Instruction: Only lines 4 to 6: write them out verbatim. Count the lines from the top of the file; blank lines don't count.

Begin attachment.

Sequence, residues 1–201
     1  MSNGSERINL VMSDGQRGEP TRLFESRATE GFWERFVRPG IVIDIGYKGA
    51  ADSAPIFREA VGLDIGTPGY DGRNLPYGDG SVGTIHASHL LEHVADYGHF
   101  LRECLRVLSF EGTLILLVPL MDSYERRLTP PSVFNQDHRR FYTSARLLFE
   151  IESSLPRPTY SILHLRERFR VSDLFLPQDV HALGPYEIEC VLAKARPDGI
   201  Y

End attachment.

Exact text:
   101  LRECLRVLSF EGTLILLVPL MDSYERRLTP PSVFNQDHRR FYTSARLLFE
   151  IESSLPRPTY SILHLRERFR VSDLFLPQDV HALGPYEIEC VLAKARPDGI
   201  Y